For about four years I was a global president in the consumer group at Johnson & Johnson. I loved the job. I worked with an impressive group of leaders, most of whom I had known for years, and a high-performing team with a track record of driving innovation and business growth. I truly looked forward to going to work each day, as I thrived on the opportunities and challenges of the business.
Then, out of the blue, I received a call inviting me to interview for a role leading the corporation’s worldwide philanthropy group. I had long admired the leader to whom the position reported and immediately agreed to add my name to the list of candidates. Over the next few days, however, I began to ask myself if I truly wanted to leave my position and wondered if I had the skills required to do the new job well.
As the interviewing process began, some colleagues were highly supportive and recognized the new opportunity as a great fit for me. Others expressed total disbelief, telling me, "You are a business leader and will hate a staff role.” Even the interviewers questioned whether I would be willing to make the transition.
In the end I did what I have always done: I followed my heart and accepted the role. It was absolutely one of the best decisions of my life. I cannot say that changing jobs was easy; it was not. The learning curve was steep and I moved from being an expert in many areas to being an expert in none (or so it seemed to me). Some days I felt unqualified for the role and questioned why the company had put its faith in me. On those days I also missed my former team, many of whom had become close friends and advisors.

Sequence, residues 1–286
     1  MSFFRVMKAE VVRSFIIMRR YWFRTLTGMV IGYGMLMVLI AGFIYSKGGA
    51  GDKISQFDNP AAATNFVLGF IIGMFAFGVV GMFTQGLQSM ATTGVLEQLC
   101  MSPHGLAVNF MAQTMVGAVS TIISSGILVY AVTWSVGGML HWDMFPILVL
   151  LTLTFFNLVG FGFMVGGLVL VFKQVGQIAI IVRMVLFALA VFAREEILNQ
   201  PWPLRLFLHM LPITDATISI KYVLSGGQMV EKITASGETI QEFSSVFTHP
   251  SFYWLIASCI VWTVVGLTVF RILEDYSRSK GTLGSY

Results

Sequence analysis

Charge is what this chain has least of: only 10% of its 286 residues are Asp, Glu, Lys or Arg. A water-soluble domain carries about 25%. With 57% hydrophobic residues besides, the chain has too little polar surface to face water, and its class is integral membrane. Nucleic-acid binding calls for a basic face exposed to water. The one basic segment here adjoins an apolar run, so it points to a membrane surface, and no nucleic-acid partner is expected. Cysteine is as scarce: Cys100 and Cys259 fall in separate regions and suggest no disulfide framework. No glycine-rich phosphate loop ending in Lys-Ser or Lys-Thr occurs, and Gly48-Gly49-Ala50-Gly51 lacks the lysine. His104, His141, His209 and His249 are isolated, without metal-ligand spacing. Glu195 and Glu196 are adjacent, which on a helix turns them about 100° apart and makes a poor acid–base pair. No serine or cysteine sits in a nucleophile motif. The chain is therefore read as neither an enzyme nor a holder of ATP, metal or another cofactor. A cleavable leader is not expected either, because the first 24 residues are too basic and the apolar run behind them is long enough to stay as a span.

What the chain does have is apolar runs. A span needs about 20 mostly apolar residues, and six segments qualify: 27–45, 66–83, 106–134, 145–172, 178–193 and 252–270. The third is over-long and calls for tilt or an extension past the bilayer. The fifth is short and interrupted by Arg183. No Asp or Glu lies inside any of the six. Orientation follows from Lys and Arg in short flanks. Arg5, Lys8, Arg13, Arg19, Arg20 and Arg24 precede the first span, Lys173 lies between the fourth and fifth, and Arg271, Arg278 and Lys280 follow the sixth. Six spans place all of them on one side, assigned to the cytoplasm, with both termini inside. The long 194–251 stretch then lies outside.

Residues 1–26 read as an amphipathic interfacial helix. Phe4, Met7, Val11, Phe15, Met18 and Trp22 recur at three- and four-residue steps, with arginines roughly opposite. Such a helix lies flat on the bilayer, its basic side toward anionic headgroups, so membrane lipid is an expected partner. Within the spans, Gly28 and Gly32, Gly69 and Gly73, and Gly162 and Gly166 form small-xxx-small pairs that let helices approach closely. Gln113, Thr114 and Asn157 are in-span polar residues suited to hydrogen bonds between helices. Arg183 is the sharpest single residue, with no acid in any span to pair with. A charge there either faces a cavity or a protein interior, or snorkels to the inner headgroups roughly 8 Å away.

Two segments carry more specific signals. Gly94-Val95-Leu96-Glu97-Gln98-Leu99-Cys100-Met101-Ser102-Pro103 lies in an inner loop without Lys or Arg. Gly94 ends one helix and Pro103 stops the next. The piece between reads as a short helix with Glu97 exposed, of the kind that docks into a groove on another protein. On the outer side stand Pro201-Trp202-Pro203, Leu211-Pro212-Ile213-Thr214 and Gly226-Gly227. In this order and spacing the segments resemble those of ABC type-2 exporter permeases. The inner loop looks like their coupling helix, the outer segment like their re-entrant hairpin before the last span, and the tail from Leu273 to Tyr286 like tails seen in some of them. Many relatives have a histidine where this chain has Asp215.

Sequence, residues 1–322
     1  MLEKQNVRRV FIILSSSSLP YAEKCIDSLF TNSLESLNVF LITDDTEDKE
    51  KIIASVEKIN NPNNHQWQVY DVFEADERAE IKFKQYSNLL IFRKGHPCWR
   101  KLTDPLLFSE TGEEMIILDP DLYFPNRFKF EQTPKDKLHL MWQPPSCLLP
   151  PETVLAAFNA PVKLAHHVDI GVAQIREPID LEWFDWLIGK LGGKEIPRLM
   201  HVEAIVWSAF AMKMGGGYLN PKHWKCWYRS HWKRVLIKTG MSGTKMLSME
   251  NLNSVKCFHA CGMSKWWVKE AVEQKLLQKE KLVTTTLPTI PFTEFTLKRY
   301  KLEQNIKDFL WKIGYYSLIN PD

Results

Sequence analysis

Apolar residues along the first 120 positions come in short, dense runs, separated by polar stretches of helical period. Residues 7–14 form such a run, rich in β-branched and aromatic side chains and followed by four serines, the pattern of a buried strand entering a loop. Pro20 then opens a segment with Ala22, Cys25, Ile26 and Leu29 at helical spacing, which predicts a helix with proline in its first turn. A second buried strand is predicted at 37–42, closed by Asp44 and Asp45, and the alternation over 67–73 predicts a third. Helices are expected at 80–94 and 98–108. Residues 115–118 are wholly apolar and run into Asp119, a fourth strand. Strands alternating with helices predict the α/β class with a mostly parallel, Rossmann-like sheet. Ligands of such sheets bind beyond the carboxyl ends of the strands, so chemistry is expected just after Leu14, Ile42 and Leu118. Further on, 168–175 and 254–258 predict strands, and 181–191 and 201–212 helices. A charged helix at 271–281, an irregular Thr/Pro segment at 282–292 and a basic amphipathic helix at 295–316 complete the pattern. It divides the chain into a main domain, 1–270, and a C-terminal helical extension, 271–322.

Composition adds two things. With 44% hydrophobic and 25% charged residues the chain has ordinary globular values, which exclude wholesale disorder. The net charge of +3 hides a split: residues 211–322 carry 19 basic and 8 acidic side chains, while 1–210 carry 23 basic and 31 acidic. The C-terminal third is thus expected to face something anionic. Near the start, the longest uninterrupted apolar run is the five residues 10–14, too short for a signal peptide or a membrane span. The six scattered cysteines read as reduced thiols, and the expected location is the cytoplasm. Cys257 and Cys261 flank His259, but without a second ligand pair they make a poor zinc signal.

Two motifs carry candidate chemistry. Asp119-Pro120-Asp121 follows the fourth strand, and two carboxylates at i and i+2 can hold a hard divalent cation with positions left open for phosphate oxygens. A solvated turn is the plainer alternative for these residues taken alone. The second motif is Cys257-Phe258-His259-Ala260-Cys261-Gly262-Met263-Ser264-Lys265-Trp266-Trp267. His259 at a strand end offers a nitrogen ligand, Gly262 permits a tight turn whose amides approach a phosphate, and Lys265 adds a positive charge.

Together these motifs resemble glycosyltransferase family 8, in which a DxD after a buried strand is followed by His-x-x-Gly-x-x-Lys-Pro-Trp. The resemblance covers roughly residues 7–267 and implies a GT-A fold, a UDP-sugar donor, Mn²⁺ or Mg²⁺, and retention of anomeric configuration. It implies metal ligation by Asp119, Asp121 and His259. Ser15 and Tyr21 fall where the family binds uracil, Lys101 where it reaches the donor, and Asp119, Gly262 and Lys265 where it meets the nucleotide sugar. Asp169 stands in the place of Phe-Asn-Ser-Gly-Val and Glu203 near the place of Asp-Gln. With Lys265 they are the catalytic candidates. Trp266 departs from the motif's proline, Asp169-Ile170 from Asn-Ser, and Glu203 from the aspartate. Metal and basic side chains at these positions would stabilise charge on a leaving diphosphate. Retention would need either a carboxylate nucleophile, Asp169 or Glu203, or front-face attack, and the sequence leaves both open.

But most days I found my new job exhilarating. It gave me the opportunity to grow and become a voice for girls, women and children, linking my personal passion with my professional life. Johnson & Johnson has a long legacy of advancing maternal and child health and survival. In September 2010, our terrific team of experts in global public health was instrumental in developing the Johnson & Johnson five-year commitment to the United Nations Secretary General’s Every Woman Every Child Campaign, a global movement to save the lives of 16 million women and children by 2015.
My team was patient and began teaching me what I needed to know. I was and remain deeply grateful to them. The business skills I had developed--strategic planning, building and leading teams, focusing on measurable results-- were valued. And within weeks of stepping into the new role, my family, team and friends heard me say, “I was born to do this job.” I cannot imagine loving any position more.